Paul Johnson does not, as they say, need much introduction. Whatever one thinks of his opinions, one has to admire his frenetic energy. From 1955 to 1970 he poured forth strong left-wing views in the New Statesman, and since then has moved to pouring forth strong right-wing views in a whole host of publications, books and speeches. This collection of 76 pieces, culled from the Conservative press of 1976-84, shows him again in full spate on subjects as diverse as 'The Decline of the Hat' and 'The Family as an Emblem of Freedom'. The essential unity of the book is, however, political. It is not just that extreme Thatcherism breathes from every page: both the strength of Johnson's writing and its often dreadful thinness derive from its sheer polemicism. Here, at least, the continuity with his New Statesman days is clear, for there is the same fatal, though exciting, tendency to go over the rhetorical top, the same eye for what will make 'our side' hug themselves with glee and what will most infuriate the enemy. The whole effort is a form of literary baiting which works up the troops on both sides and generally creates a deal of heat, sound and fury. This style of writing was the sole (and rather measly) contribution to English letters made by Kingsley Martin, and has been imitated by successive New Statesman columnists - Richard Crossman, Paul Johnson, Gerald Kaufman, Matthew Coady et al. (One only has to listen to the Parliamentary speeches of Gerald Kaufman to see how this sub-genre, once picked up, is hard to drop.) The origins of the style lie, only too audibly, in the world of the public school and Oxbridge debating society: it is at once over-heated and un-serious, and has a sort of neighing ring to it, as of a clash of young geldings.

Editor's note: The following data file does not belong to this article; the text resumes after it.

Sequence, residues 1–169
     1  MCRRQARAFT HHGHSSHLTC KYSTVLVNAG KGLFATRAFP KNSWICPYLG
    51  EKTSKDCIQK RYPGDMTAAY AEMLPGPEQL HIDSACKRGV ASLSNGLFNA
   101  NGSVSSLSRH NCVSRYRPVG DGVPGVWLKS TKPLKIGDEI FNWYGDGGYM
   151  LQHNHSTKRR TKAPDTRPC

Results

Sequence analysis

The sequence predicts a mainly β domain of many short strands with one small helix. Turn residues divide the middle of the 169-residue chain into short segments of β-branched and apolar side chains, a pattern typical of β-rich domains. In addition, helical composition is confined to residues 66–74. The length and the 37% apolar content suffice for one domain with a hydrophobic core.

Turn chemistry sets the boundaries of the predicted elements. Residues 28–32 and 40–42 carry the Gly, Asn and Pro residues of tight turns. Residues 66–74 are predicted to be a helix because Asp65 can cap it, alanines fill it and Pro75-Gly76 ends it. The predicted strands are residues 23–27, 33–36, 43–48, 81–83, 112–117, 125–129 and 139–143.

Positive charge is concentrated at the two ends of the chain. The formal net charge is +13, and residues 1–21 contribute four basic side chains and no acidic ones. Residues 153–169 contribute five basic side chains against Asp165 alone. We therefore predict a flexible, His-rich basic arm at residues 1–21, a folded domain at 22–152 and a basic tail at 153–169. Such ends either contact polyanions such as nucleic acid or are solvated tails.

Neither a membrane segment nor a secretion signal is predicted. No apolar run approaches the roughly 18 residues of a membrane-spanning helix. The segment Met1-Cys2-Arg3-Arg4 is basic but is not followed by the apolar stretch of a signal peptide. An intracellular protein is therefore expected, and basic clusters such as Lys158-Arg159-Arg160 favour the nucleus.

LRB 4 July 1985 | PDF Download